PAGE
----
Brest: New sentences in ‘round dance case’

Round dances during August protests in Brest. Photo: Belarusian Investigative Committee

The so-called ‘round dance case’ hearings continue in Brest, human rights centre Viasna reports. On June 8, judge Syarhei Maruchak imposed the sentences on the following persons involved in the case:

  • Raman Dzemidovich, Maryna Darashuk, Sviatlana Marchuk, Alesya Kramchanina, Viktoryia Karalchuk – 1.5 years of restriction of liberty without being sent to a correctional facility;
  • married couple Andrey and Palina Lyashko – 1.5 years of restriction of liberty with and without being sent to an open-type correctional facility, respectively;
  • Mikalai Papeka, a poet and beekeeper from Pruzhany, got 2 years of “chemistry”;
  • Yauhen and Arseny Sinyak, father and son – 2 years of restriction of liberty each;
  • 34-year-old Volha Hlushan – 1.5 years of restriction of liberty without being sent to a correctional facility;
  • 46-year-old Raman Yakhin – 2 years of restriction of liberty without being sent to a correctional facility

Political prisoners Volha Hlushan, Arseniy Sinyak and Raman Yakhin were released in the courtroom.

Brest: Mother of two Palina Sharenda-Panasyuk stands trial over taking part in protests

57 people have been already convicted in the ‘round dance case.’ In total, they have been sentenced to 44 years of restriction of liberty, 43.5 years of restriction of liberty without being sent to a correctional facility, 5 years and 2 months in prison.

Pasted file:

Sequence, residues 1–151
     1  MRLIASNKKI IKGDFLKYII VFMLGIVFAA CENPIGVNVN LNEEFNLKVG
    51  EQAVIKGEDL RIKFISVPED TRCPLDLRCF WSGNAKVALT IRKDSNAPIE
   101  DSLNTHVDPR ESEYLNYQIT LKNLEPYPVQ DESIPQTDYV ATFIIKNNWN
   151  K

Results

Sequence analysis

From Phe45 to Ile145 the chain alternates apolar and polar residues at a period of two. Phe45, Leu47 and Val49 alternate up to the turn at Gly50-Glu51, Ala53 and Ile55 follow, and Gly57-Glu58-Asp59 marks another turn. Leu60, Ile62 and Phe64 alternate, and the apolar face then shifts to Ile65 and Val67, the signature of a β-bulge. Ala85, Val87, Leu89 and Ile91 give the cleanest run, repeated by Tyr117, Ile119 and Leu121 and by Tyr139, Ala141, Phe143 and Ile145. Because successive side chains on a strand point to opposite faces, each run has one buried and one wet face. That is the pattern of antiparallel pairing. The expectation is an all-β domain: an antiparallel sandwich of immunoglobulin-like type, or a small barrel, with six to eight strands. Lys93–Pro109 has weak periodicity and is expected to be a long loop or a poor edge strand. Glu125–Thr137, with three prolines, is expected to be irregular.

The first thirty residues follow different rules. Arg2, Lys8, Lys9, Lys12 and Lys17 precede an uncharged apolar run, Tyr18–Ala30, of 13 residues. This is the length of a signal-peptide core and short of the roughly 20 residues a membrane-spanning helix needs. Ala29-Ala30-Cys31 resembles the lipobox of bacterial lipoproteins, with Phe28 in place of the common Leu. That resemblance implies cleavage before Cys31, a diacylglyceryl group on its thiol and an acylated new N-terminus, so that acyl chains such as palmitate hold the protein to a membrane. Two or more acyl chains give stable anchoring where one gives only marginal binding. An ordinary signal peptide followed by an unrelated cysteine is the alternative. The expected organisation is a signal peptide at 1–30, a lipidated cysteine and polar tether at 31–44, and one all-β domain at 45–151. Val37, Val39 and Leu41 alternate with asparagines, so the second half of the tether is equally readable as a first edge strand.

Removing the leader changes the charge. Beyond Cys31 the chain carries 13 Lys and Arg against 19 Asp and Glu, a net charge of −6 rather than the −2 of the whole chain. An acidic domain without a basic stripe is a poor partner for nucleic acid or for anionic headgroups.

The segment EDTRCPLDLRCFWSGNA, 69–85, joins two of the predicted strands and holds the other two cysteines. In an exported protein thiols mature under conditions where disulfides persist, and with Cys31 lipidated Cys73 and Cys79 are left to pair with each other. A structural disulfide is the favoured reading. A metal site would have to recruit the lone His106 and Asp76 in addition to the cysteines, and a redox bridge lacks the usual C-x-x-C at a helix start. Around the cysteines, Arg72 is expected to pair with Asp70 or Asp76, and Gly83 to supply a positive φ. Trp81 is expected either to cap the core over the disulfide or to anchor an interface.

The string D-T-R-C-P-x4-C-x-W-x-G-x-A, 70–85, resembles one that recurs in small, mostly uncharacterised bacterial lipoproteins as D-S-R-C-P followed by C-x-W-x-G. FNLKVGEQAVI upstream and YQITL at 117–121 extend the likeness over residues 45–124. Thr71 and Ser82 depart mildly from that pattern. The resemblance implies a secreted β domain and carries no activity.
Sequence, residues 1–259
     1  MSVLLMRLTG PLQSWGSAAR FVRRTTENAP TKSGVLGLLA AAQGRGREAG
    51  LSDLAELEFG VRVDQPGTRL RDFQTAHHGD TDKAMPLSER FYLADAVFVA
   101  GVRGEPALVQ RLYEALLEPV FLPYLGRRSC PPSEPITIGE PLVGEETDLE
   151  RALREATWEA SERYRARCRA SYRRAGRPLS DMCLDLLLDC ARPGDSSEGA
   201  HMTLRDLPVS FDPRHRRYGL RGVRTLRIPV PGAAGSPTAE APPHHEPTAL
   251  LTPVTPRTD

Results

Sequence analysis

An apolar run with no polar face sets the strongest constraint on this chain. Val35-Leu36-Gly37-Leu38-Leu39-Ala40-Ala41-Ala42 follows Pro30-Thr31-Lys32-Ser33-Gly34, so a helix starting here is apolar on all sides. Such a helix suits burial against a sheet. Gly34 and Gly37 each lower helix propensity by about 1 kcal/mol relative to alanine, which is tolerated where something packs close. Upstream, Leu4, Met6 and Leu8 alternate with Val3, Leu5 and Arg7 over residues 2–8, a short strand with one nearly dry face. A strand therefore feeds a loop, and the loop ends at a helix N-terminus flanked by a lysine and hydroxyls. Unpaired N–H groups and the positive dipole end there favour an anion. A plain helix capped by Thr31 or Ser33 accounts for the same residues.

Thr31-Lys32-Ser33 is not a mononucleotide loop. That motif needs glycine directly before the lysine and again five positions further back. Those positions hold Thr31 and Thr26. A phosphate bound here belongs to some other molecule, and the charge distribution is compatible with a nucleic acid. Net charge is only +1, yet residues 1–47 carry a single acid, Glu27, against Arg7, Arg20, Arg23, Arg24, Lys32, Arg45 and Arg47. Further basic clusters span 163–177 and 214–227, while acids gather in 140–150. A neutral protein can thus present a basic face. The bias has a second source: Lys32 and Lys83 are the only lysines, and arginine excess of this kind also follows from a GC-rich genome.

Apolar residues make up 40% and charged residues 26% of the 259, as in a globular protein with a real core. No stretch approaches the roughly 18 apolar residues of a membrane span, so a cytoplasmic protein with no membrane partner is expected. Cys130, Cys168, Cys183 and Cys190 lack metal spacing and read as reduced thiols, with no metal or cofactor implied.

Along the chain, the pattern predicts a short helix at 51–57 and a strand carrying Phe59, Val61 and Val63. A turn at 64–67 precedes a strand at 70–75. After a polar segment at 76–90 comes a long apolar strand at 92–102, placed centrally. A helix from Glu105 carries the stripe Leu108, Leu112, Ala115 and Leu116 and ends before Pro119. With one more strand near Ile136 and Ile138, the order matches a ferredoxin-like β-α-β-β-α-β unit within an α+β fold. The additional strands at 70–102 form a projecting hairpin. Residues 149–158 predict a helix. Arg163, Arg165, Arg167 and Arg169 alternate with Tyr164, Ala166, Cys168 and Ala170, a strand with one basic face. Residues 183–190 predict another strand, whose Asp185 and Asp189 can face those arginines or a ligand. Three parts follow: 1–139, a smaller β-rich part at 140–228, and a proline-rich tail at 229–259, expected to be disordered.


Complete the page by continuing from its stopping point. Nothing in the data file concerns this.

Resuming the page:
The court case concerns September 13, when another protest action was held in Brest. Several hundred people formed a round dance. There was music and a festival, like a carnival, as witnesses recall those events. Police brought a water cannon to disperse the round dance. It was used for the first time during the protests in Belarus. Since then, Brest residents have been calling this intersection a water cannon.

A few weeks later, a criminal case under Article 342 of the Criminal Code (‘organisation and preparation of actions that grossly violate public order’) was opened.

Belarusian authorities make penalties for protesting more rigorous

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